And this is our new view!
Author: Kurt Schmidt Page 1 of 2
Americans don’t have a “Day of the Dead” or “Remembrance Day” like so many other countries. However, Croatia, where I live now, does. On November 1st, Croatians, my wife included, light candles and leave them in their windows, and take lanterns and flowers to the gravesites of their loved ones.
November 1st is marked on my calendar with the other Croatian holidays and it became the day on which I remember my father. I can’t visit him, none of us can, realistically, mom is too old for the trip and it’s just too far for Eric and Sophia. Instead we will have someone place a wreath for him at Arlington and mom will get a card. It’s what I can do on November 1st.
Arlington National Cemetery
Ronald Blaine Schmidt
Colonel, US Army
Birth Date: 07/17/1939
Death Date: 02/28/2017
I love you dad.
Martinis in tumblers and everything’s all wrong.
Classless ashes on ash wood floors,
We were closing and opening doors
And never going anywhere.
I swear, she stares, glares;
Eyes that I love as much as my own
and everything’s all wrong.
I’m watching the people, having my coffee and watching the people. It’s what you do. You sit, smoke your cigarette slowly letting most of it burn away between intermittent inhales and sip your coffee, also slowly, demonstrating to the world watching you, sit and sip, that you have time, time in the afternoon to do so. And you watch the people, the tall ones, the short ones, the fat and skinny, old and young, dressed to impress, or for work, or as if it was an afterthought altogether, you watch as they walk by. It’s what everyone does when it’s sunny, when it’s gray, day or night, everyday.
Among the overdressed, dressed to be seen, tall skinny, jeaned and heeled, booted and t-shirted, phone attached business cafe casual, walking or sitting; are the others in between who work more to be seen but are inevitably harder to see.
A very old man in a gray overcoat and hat made his rounds at the cafe with a small ceramic candy dish in his hand asking for money. Almost invisible, to almost everyone; except for the woman behind him waiting to pimp her baby to the same string of café coffee sipping customers. I saw her. She eyed him with the contempt of someone who feels encroached upon as if begging pity were territorial. She watched, then moved on knowing that she would do better to get ahead of the old guy at the next café since there’s only so much to expect from café customers, best to get there first.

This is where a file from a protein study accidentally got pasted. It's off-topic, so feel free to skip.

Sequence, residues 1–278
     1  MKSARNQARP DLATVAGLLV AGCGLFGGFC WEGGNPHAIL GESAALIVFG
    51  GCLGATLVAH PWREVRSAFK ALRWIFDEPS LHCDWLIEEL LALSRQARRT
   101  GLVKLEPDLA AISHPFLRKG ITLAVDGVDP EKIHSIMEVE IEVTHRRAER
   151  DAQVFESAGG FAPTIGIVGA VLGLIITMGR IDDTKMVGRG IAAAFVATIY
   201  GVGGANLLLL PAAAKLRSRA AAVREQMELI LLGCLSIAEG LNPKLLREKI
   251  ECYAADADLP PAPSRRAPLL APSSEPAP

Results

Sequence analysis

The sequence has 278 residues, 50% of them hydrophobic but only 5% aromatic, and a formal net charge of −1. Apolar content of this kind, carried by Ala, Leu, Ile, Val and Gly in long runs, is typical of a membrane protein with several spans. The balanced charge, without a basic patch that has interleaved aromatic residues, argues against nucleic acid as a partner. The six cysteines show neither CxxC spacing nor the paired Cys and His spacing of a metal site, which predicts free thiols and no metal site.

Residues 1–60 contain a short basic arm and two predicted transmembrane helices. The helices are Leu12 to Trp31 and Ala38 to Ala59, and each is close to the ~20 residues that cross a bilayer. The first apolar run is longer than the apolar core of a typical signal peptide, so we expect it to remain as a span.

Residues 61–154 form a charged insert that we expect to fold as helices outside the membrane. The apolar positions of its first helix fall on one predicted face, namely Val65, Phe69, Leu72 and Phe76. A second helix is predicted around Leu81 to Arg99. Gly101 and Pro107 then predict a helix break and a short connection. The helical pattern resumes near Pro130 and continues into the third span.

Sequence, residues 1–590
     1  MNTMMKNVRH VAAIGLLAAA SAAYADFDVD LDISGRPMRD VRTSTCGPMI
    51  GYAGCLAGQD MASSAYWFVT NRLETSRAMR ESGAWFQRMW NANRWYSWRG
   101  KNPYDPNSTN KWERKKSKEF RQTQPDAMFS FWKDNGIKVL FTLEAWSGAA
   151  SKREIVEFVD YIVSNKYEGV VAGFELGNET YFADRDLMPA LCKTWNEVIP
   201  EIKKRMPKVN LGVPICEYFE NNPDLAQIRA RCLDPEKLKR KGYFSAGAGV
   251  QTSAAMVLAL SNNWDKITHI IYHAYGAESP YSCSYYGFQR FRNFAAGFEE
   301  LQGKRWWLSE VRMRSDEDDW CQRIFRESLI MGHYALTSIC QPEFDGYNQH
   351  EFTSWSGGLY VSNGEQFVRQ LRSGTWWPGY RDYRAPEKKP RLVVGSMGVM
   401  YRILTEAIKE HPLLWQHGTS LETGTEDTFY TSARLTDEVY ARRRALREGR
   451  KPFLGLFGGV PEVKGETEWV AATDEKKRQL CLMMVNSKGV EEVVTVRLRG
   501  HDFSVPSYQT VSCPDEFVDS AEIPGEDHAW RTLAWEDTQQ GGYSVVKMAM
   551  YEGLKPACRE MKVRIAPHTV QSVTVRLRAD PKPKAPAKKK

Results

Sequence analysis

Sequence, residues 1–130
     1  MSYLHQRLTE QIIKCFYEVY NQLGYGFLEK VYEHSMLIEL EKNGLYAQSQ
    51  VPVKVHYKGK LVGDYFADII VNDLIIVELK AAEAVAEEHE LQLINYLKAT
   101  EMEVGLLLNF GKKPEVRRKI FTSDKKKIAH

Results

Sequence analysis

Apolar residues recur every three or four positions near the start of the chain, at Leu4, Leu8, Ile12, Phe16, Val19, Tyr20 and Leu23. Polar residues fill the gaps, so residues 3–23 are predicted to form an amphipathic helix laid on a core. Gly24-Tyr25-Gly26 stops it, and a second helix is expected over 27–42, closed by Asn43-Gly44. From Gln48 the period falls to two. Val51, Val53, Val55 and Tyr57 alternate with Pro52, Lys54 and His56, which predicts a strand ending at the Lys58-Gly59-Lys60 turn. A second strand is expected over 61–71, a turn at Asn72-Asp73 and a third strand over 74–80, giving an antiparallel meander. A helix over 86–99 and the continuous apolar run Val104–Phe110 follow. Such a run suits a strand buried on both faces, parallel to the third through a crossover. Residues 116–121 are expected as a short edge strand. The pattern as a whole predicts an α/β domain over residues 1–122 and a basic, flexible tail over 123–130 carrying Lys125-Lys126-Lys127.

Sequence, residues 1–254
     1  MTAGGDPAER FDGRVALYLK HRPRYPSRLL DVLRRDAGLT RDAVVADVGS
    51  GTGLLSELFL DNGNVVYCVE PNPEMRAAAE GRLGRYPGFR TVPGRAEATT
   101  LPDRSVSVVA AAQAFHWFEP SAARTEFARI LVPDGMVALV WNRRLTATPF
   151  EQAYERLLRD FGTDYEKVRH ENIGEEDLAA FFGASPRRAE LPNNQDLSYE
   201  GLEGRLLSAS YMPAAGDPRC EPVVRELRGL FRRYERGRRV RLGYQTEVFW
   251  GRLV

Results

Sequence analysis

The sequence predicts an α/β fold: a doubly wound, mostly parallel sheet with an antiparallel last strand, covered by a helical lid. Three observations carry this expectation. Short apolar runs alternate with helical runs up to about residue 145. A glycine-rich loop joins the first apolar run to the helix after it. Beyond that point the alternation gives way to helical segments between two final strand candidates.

I watched him. He wasn’t typical, dressed as best he could, hair neat, hat straight, jacket, overcoat, old, tired, walking slowly but standing straight, clear eyed. As he went from one table to the next looking at the customers I wondered what I would do when he got to me. Then he answered my question.
At the next table, a group of four business casual, late after lunch coffee, meeting-discussing-something-important forty-somethings gave him a bit of change, a small bit, maybe ten Lipa, nothing, from the change on their table. The old man looked in the ceramic candy dish at the coin and a look of dignity and contempt came over his face, a look that said ‘I am old and poor. My world was different than yours and these are my circumstances. Yes, I am asking you for money but this, this single coin is not worth the effort I’ll have to exert to carry it. From you it is an insult, to my age and to what I’ve seen that came before you.’ With a wave of his hand he added without saying a word, ‘For you I prefer to remain invisible.’ Slowly, arthritically , he removed the ten Lipa coin from his ceramic dish and placed it on the table with an exaggerated flourish, firmly deliberately, resulting in a nicely audible bronze against wood click, and dismissed them.
He didn’t come to my table after that. Instead he haltingly pushed forward to the next cafe, likely taking his place behind the baby pimping woman with the evil eyes. I finished my coffee and thought about the things I needed to buy at the market.
On my way home, dodging style conscious bag toting shoppers looking for the names they know on shop windows, and various young and old, smoking, walking, hurried and slow, I passed a woman sitting in front of a name-you-know lingerie shop with her left pant leg rolled up revealing a prosthesis, an outstretched hand and upward looking, searching eyes. I see her from time to time.
Beyond her and ahead of me, working towards the next café I see the old man again and I think about dignity and food, and what he’s seen that I can’t imagine, and walking around everyday missing someones and somethings, and asking for coins, and old, old eyes, old hands. I gave him a pocket full and some paper for my thoughts and ignorance.